AUGUSTA, Maine — A key Republican idea is in the Democratic governor’s budget proposal. The Republican running to oust her in 2022 is calling that a campaign stunt.
In most years, Gov. Janet Mills’ embrace of legislative Republicans’ plan to send $500 relief checks to 800,000 Maine taxpayers would be cause for a victory lap, but former Gov. Paul LePage, who is running against Mills in November, is hitting her for his party’s proposal.
Those implicit differences between Republicans mirrored the beginning of LePage’s second term in the Blaine House. He floated a 2015 budget plan with an income tax cut offset by an expanded sales tax. Senate Republicans resisted it and he spent the rest of his tenure largely at war with them. Democrats have controlled Augusta since Mills won office in 2018.
Top legislative Republicans praised Mills’ inclusion of the relief checks, although some want a bigger giveback and have criticized increased state spending during the governor’s tenure. Senate Minority Leader Jeff Timberlake, R-Turner, did not respond to a Friday request for comment on Mills’ embrace of the checks. When reached by phone, Assistant Senate Minority Leader Matt Pouliot, R-Augusta, read from a prepared statement.
“We applaud the fact that Gov. Mills agrees with our commitment to give back budget surpluses to Maine’s taxpayers,” he said. “While we can’t comment on a plan of which we haven’t seen the details, any budget discussions should center on long-term solutions to make Maine a more affordable place to live.”
Pouliot said Republicans had discussed the issue earlier in the day Friday and declined to discuss the issue further.
Republicans successfully pushed for relief checks during last year’s budget negotiations, citing a desire to aid Mainers who worked during the pandemic. The compromise resulted in $285 checks for more than 500,000 Mainers below a certain income threshold. Mills’ office has not outlined the looser eligibility standards for new checks.
The interest in checks came as Maine is still facing economic challenges associated with the pandemic. Most Mainers are seeing higher energy costs this winter while inflation across the U.S. has climbed to the highest level in decades.
In the fall, Maine Senate Republicans rolled out a new plan to return state budget surpluses to taxpayers under the slogan “Give It Back,” suggesting that half of unused revenue each month could be returned to taxpayers with the rest going to the state’s rainy day fund.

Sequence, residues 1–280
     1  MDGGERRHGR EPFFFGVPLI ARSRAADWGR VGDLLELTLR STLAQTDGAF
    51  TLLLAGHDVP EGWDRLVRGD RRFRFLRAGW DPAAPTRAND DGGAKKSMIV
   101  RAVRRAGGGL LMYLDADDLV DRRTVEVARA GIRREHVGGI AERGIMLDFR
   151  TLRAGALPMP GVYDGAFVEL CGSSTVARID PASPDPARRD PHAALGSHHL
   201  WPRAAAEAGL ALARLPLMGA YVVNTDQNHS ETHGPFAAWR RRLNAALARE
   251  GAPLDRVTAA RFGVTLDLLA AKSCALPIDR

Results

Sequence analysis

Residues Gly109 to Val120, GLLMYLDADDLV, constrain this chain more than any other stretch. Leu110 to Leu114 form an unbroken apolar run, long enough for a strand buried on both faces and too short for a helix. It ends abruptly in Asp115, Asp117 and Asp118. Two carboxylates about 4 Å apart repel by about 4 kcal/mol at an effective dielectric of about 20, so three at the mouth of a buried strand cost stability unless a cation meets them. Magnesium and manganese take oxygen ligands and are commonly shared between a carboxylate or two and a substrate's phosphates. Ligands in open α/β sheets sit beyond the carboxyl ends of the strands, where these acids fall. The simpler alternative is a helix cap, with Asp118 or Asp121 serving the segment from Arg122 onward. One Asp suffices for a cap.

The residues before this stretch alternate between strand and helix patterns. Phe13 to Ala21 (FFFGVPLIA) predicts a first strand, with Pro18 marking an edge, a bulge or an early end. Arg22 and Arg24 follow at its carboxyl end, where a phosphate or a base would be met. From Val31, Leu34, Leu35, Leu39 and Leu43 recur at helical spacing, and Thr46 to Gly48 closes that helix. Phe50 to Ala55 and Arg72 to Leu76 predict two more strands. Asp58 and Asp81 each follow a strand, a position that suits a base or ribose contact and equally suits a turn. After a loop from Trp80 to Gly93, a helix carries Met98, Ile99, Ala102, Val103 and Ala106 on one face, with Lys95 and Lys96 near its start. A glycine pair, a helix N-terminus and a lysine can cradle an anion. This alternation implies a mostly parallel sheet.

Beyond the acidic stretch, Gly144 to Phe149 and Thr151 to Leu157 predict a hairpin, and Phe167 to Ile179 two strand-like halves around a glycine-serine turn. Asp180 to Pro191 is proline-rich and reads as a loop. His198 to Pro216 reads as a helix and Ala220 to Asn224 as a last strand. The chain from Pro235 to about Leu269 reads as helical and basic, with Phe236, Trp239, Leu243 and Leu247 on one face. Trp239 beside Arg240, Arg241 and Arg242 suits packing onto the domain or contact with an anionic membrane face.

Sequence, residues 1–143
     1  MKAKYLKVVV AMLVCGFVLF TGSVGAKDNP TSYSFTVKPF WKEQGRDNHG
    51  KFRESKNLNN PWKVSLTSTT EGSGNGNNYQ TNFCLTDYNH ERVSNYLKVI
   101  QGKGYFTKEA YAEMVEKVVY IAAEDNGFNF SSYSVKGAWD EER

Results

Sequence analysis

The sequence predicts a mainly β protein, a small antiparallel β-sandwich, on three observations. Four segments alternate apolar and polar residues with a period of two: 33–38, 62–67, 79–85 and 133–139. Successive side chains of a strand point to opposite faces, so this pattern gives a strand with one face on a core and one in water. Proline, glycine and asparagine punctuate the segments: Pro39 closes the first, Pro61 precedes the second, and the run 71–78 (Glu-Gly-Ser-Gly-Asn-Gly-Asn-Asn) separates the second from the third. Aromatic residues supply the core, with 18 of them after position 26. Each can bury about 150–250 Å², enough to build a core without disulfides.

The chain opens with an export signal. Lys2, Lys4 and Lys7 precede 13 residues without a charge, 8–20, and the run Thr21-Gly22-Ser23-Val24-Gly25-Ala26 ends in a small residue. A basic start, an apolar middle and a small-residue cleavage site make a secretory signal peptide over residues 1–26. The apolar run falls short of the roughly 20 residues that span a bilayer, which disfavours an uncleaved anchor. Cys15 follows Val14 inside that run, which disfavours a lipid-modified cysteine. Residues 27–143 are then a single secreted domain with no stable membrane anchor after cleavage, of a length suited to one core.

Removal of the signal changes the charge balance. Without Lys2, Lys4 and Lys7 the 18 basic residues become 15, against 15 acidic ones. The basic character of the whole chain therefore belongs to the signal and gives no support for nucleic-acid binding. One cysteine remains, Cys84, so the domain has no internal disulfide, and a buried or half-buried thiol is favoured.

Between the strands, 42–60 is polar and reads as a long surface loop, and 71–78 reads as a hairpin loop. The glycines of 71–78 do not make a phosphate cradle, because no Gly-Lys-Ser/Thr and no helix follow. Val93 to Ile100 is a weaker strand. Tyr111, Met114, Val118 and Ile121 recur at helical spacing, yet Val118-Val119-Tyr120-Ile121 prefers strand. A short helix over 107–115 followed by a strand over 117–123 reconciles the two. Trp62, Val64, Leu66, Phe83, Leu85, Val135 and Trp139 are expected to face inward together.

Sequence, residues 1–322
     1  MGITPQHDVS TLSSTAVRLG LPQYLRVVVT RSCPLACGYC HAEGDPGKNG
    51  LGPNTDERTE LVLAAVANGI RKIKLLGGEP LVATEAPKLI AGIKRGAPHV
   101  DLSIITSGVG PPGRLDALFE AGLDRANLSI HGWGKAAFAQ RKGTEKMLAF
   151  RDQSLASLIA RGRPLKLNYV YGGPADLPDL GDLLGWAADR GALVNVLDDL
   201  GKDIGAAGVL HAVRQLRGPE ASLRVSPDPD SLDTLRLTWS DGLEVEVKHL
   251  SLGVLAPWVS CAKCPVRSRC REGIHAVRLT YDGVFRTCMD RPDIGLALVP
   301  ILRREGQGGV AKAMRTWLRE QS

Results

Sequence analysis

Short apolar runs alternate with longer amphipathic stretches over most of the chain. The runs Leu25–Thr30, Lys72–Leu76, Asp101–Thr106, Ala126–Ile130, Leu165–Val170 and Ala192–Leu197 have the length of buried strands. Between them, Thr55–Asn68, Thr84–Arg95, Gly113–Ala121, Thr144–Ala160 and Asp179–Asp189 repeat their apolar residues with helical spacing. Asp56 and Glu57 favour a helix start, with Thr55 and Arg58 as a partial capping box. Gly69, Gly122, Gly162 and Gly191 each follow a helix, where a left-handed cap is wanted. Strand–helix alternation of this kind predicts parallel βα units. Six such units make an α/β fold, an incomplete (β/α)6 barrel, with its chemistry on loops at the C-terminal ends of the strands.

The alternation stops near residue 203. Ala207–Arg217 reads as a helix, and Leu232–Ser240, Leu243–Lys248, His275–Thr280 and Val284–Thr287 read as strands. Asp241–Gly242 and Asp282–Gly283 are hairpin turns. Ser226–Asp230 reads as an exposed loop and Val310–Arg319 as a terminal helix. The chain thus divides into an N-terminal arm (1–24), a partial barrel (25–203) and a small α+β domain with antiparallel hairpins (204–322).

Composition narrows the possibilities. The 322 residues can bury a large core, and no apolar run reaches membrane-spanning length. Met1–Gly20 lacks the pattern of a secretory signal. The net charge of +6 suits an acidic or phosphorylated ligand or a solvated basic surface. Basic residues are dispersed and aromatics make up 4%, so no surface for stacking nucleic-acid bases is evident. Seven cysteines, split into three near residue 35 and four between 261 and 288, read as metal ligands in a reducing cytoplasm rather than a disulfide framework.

Rep. Sawin Millett, R-Waterford, a former finance commissioner under LePage who sits on the Legislature’s budget panel, suggested a one-time giveback of around $400 million focused on direct assistance to Mainers rather than new programs. Mills’ proposal was in line with that.
But LePage strategist Brent Littlefield characterized the proposed checks as a “campaign gimmick” for Mills on Friday, saying the one-time money would not address the harms of inflation nor the workforce challenges. LePage used the proposal to re-up his call to phase out Maine’s income tax, with the cushion of the surplus helping as a start.
“Instead of working to fully eliminate Maine’s income tax like I have proposed, Janet Mills is promising more and more spending, propped up with funny money,” the former governor said in a statement after Mills’ speech.
Budget negotiations will continue after Mills releases a more comprehensive budget next week. Some legislative Republicans would still like to see a bigger giveback, although they do not have much leverage given Democratic control of the State House.
Rep. Jeff Hanley, R-Pittston, a tax committee member who sponsored a bill last year to regularly return surplus money on a proportional basis to taxpayers, said he would prefer to see the state return as much as 90 percent of the surplus, whether by checks or other means.
“One way or another, whether we permanently reduce gasoline taxes, permanently reduce sales tax — whatever it takes return this money,” he said. “I’m a simple man. I like a check for every man, woman and child. I want to put the money right back in their hands.”
BDN writer Caitlin Andrews contributed to this report.